Unfortunately, things happen in a rental that the security deposit will not cover. The total discovery and settlement of these charges will leave a landlord asking if there is a way to financially recover? There is a legal path but it is not as clear cut as filing a lawsuit. This article will help you decide whether or not to pursue damages from your former tenant.
Pursue Damages In A Lawsuit
Basically, these suits come in several flavors. These three examples are similar but some slight differences.
- Filing a damages suit at the same time as an eviction is filed. This suit will cover lost rent and the recovery of security deposit shortfalls.
- A tenant who skips on their lease.
- When a security deposit is not adequate to cover the damages after a tenant moves out.
Hopefully a security deposit is being held. Each state has their own rules for providing a former tenant with an accounting of their security deposit and any funds held back. If a balance is owed by the tenant, they should be given a few days to pay the balance. When no additional funds are received from the former tenant the landlord gets to decide about pursuing damages.
The biggest challenge when pursuing damages is officially serving a lawsuit on your former tenant. If a damages suit is filed at the same time as an eviction case then many of these steps do not apply. When no eviction has occurred, be prepared for the time needed to complete the following.
- Former tenant has to be found. Often this means skip-tracing.
- Former tenant then has to be served notice of a damages lawsuit.
- Former tenant is allowed a certain period of time to respond.
Once successfully served a court hearing will be set. So, by this time, it is not unusual that several to many months have passed since the tenant vacated the rental. In other words, dont think you are going to recover funds quickly…if at all.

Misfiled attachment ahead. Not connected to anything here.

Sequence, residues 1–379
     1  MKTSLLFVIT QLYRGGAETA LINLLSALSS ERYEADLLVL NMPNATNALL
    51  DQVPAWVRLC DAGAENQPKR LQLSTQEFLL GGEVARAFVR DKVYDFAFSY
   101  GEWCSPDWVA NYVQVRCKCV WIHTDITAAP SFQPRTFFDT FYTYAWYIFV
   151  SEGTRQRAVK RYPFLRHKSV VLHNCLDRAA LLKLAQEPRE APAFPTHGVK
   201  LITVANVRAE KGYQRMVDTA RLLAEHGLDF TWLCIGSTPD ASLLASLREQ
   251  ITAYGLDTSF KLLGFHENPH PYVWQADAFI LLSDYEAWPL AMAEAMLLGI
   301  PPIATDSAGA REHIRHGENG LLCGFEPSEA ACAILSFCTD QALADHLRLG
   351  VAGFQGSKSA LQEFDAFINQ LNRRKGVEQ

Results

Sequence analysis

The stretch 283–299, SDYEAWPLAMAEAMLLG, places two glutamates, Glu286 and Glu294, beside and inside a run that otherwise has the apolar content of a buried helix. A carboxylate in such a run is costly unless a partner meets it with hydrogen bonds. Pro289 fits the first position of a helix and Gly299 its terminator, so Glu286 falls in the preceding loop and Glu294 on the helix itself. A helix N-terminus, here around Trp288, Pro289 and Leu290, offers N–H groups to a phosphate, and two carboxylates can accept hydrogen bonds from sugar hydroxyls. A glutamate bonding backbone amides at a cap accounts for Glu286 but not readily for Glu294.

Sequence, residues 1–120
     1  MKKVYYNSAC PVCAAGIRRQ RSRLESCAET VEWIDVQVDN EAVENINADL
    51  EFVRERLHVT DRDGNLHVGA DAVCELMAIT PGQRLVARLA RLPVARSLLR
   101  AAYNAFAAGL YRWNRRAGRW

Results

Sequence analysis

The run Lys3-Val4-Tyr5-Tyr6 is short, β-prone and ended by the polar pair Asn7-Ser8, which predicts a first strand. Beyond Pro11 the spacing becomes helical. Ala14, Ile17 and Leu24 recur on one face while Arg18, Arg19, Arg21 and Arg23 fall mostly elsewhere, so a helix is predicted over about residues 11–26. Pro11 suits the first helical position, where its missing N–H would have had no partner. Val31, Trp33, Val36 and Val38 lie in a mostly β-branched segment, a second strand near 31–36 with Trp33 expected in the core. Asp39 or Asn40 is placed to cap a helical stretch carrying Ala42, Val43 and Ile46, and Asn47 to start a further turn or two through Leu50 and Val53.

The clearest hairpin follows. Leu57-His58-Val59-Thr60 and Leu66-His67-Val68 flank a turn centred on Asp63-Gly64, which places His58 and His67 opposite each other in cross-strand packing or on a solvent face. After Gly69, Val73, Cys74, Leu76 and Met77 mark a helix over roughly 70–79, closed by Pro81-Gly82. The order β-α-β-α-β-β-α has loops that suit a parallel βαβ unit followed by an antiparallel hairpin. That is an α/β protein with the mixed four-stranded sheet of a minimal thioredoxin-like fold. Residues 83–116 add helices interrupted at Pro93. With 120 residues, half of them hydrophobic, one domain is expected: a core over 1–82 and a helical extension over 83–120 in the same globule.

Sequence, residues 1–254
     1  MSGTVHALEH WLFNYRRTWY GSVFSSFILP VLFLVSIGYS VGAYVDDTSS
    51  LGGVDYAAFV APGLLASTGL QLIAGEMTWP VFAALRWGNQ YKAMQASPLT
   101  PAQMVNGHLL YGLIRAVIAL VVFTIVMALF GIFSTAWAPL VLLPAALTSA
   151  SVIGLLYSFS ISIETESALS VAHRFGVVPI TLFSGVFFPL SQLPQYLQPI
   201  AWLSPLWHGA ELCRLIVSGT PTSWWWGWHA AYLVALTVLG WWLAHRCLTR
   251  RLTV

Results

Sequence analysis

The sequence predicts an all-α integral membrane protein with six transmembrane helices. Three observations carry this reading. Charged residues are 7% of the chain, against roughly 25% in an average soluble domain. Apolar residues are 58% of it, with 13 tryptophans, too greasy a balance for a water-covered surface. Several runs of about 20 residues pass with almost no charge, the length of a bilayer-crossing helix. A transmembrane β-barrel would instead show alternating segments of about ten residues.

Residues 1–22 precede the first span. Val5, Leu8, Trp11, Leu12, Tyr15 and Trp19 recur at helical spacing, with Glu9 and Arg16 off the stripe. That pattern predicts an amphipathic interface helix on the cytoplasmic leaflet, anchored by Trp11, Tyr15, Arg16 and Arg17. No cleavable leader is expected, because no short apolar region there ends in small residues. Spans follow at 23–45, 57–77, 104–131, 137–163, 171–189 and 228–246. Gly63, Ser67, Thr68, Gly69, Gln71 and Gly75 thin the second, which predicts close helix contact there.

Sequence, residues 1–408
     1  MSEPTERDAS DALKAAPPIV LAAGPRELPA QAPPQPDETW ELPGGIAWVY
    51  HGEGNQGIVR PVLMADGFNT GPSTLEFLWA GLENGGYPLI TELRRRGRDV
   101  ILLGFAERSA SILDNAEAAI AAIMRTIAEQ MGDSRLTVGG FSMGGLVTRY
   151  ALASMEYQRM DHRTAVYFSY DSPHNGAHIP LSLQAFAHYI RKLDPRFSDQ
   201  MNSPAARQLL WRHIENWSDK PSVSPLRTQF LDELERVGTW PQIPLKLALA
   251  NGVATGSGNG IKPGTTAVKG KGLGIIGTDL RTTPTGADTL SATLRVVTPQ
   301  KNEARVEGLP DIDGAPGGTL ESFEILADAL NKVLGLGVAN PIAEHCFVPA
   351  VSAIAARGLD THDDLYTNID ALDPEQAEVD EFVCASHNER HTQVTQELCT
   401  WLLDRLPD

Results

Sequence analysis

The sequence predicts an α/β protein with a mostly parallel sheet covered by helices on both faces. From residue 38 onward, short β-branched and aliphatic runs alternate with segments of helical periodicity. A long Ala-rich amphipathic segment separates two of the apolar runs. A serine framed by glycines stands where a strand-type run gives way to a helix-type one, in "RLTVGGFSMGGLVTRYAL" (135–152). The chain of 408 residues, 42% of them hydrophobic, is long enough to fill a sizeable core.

If all goes well, the supporting documents from your security deposit settlement will prosecute your case against the former tenant. The Judge will review the evidence and grant your request for damages plus court costs. Now you have a Judgement against the tenant. But, still no funds.
And you have spent quite a bit out of pocket to obtain that Judgement.
Judgements follow your former tenant around so it makes it hard for them to get a loan. It also sticks out on a credit report if one is run the next time the person needs to rent. So, you do have some leverage now that might produce payments. In our experience though, that is usually not the case.
Since you have better things to do with your time, hiring a collector is the smartest move. Just be prepared that the collector will keep approximately a third of any funds they receive on the judgement. But they will actively pursue the former tenant for payment. And if they know the legal system well enough they can pursue garnishments.
Should You Pursue Damages?
So the final decision is yours. A few things to consider.
- Use an attorney to file suits for evictions and damages. A good attorney will know how to combine these case filings to eliminate the loss of time on service once a tenant is evicted.
- Decide if the cost is worth the potential reward. Did the former tenant have a 6-figure career that they would likely be able to pay up, or were they living on minimum wage?
- Sometimes you just want to make your mark and cloud the former tenant’s credit to put the world on notice. If so, just be aware of the possibility you are throwing more good money after bad. But if it helps you sleep at night, it might be worth it.
One final word about pursuing damages. We are not attorneys or legal professionals. The above is accurate based on almost 30 years of experience in the field. But we would never pursue one of these cases without legal assistance. The above is to provide you guidance. You should be able to find legal assistance through your property manager.